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Project 1123 "Condor"

Project 1123 Condor2.jpg

Moskva class helicopter carrier.jpg

Project 1123 Condor.jpg

View of the flight deck of the Soviet helicopter carrier Moskva


Antisubmarine cruiser/helicopter carrier

Flag state USSR
Accessory Soviet Navy
Preceded by Soviet aircraft carrier Ship X
Succeeded by

Project 10 200 Khalzan

Shipyard Black Sea Shipyard
The current status of In service

17 500 tons of the total

14 950 tons of normal

12 750 tons of standard

Length 176.0 m at the waterline

189.0 m maximum


34.0 m maximum

Height Amidships 17.1 m
Draft Average (from OP)

in the normal displacement of 7.5 m at full displacement 7.7 m

Booking None
Technical data
Power plant

Steam turbine-shaft

2 GTZA TV-12-1

4 boilers KVN 98/64


Steam turbine: 2 × 45 000 hp

turbo: 2 × 1500 kW

Diesel Generators: 2 × 1500 kW

Screws 2, with three
Rate 24 knots full speed

28.5 knots maximum stroke

Cruising Range 9000 miles at 15 knots

6,000 miles at a speed of 18 knots 3900 miles at a speed of 29 knots


15 days


700 people, including:

130 officers

160 petty

410 sailors

Electronic equipment ASG "Orion"

CEO "Vega" CEO "Host"

Armament 2 × 2 AK-725
Antisubmarine armament

1 × 2 RPK-1 "Whirlwind" (8 missiles)

2 × 12 RBU-6000 (240 bombs)

Anti-aircraft Missiles 2 × 2 SAM M-11 "Storm" (96 missiles)
Torpedo-mine equipment 2 × 5 PTA-53-1123 (later removed)
Air group 14 helicopters:

12 × Kamov Ka-25PL

1 × Kamov Ka-25TSU

1 × Kamov Ka-25PS

The Moskva class helicopter carrier or Project 1123 Condor (Russian: Крейсера проекта 1123) helicopter carriers were the first operational Soviet Navy helicopter carriers. The Soviet designation is Project 1123 Condor.

These ships were laid down at Nikolayev South (Shipyard No.444). The lead vessel was launched in 1965 and named Soviet helicopter carrier Moskva; she entered commission two years later. Moskva was followed by Soviet helicopter carrier Leningrad, which was commissioned in late 1968; there were no further vessels built, reportedly due to the poor handling of the ships in rough seas. A third ship, Soviet helicopter carrier Kiev, was laid down on February 20 1968, launched in 1970 and finally commissioned in 1973. All three were conventionally-powered.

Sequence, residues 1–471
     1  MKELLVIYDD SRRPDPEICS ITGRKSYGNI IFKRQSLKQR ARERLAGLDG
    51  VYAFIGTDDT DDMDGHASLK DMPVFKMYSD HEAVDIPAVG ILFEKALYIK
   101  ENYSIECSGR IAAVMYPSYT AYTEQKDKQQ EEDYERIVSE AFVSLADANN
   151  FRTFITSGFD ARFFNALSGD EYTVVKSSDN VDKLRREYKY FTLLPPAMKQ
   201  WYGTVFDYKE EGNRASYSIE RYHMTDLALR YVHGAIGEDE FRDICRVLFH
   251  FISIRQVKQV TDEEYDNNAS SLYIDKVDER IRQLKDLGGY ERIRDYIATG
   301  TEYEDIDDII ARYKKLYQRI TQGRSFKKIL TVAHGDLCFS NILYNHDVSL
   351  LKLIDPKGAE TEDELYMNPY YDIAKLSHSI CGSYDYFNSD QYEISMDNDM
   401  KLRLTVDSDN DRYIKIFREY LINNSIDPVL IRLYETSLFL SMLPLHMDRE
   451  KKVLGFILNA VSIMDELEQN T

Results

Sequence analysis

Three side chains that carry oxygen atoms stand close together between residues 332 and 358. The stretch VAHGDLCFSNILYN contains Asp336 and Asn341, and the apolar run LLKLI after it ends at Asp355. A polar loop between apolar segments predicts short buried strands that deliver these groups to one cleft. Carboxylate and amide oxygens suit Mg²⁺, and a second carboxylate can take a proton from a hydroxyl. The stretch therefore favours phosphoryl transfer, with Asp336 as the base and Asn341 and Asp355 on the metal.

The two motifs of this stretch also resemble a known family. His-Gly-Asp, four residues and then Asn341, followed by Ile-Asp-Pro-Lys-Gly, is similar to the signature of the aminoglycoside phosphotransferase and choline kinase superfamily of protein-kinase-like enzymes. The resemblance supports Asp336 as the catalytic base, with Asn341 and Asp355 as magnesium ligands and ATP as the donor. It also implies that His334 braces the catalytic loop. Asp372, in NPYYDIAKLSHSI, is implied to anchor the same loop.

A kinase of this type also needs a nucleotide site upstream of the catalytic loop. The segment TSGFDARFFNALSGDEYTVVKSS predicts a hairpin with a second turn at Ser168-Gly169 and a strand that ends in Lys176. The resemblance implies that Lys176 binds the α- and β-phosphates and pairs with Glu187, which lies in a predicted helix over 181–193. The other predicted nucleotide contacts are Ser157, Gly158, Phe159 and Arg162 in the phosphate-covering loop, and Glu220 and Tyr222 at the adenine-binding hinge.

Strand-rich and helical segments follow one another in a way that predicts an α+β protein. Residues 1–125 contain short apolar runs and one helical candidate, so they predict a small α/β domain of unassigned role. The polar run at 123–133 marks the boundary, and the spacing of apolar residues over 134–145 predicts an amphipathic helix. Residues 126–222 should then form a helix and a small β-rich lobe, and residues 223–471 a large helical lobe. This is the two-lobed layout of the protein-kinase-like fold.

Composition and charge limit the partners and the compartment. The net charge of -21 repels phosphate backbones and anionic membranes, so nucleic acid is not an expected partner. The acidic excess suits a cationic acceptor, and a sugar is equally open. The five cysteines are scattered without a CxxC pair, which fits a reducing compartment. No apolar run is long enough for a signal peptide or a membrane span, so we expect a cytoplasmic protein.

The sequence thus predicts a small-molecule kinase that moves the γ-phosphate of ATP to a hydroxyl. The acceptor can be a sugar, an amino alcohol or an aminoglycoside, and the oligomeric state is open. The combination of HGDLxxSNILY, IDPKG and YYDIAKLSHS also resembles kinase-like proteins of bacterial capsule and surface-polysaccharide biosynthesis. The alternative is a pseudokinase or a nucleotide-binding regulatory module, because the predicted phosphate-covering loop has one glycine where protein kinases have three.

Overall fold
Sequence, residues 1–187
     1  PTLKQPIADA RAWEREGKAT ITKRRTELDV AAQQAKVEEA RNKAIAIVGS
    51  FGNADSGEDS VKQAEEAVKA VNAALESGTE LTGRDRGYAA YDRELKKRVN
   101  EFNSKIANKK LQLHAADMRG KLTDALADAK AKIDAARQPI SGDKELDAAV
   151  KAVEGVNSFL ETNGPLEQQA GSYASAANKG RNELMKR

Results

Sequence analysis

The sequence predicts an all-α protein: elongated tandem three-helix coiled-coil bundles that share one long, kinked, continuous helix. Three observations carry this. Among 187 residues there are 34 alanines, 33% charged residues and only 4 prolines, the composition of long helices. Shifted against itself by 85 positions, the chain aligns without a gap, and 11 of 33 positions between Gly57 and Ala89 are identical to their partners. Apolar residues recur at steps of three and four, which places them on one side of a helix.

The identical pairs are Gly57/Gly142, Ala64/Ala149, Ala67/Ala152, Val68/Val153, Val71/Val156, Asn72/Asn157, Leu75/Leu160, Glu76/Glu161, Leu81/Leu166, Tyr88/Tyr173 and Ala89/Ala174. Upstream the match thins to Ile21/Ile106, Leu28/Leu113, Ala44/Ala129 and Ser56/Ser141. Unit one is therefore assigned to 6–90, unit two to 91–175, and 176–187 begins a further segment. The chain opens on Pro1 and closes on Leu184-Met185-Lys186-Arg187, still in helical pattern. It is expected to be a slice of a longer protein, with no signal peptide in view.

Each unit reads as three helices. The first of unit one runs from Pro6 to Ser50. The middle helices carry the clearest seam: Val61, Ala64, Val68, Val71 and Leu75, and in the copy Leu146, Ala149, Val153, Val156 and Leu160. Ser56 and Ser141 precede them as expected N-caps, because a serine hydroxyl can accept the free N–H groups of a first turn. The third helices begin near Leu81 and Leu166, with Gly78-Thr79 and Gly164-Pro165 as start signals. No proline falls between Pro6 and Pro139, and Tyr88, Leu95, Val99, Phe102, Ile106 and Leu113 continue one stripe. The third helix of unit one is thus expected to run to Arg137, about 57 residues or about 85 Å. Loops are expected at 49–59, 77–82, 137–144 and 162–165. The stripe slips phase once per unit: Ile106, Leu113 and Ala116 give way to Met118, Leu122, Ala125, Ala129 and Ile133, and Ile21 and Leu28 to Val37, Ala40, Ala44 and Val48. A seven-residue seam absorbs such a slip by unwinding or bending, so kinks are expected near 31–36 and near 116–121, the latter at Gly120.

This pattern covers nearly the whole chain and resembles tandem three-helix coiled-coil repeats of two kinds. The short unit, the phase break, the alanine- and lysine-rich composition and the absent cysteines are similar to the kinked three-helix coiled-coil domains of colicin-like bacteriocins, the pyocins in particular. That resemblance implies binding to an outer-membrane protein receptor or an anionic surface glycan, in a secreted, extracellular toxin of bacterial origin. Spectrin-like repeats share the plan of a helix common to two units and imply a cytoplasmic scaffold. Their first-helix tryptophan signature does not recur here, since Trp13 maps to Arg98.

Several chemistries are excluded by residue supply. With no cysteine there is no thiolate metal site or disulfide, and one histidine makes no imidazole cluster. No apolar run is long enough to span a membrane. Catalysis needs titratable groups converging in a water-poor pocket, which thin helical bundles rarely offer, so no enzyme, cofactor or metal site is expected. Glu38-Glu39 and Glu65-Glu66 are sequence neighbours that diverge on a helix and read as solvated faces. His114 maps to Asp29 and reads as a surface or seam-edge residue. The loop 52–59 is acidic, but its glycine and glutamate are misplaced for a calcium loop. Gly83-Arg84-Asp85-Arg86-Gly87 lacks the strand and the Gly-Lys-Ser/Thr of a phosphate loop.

The Moskvas were not true "aircraft carriers" in that they did not carry any fixed-wing aircraft; the air wing was composed entirely of helicopters. They were designed primarily as anti-submarine warfare (ASW) vessels, and her weapons and sensor suite was optimized against the nuclear submarine threat. Their strategic role was to defend the Soviet ballistic missile submarine bastions against incursions by Western attack submarines, forming the flagships of an ASW task force.


Development of anti-draft cruisers in 1123 was conducted in early 1960. in the CDB-17 (Nevsky PKB). The project was code "Condor".

The frame structure[]

The hull is made of steel with a double bottom throughout the ice and reinforcements. The housing consists of 16 compartments separated by watertight bulkheads that extend up to the hangar deck. Double bottoms designed to hold water and fuel.

The design of the flight deck and superstructure[]

In constructions superstructures widely used aluminum-magnesium alloys.


The operational requirement was issued by Admiral Sergey Gorshkov in 1959. The aim of the ships was to counter North Atlantic Treaty Organization (NATO) Polaris submarines and act as a flagship for anti-submarine warfare. Initially it was hoped to operate 10 helicopters from an 8000 ton ship. The design evolved into a larger vessel capable of operating up to 14 helicopters with self defence armament.


Shipboard ASW armament included a twin SUW-N-1 launcher capable of delivering a FRAS-1 projectile carrying a 450 mm torpedo (or a 5 kiloton nuclear warhead); a pair of RBU-6000 ASW mortars; and a set of torpedo tubes. For self-defence, the Moskvas had two twin SA-N-3 SAM launchers with reloads for a total of 48 surface-to-air missiles, along with two twin 57 mm/80 guns.



  • Top Sail (air warning)
  • Head Net
  • 2 x Head Light (SAM guidance)
  • 2 x Muff Comb (gun fire control)
  • 2 x Don 2 (navigation)


  • Moose Jaw (low frequency bow mounted)
  • Mare Tail VDS


Gas turbines were considered but were as yet untried in such a large vessel. Instead a high pressure steam plant similar to that used by the Kynda class cruisers was used. The machinery of the Moskva had severe problems and had to be rebuilt in 1973 following a fire. Operational performance was disappointing with a practical maximum speed of 30 knots and 24 knot maximum sustainable speed. Sea keeping was also disappointing.


All third vessels are part of the Soviet Black Sea Fleet, and are service today. The Moskva class was succeeded by Project 1143 Krechyet.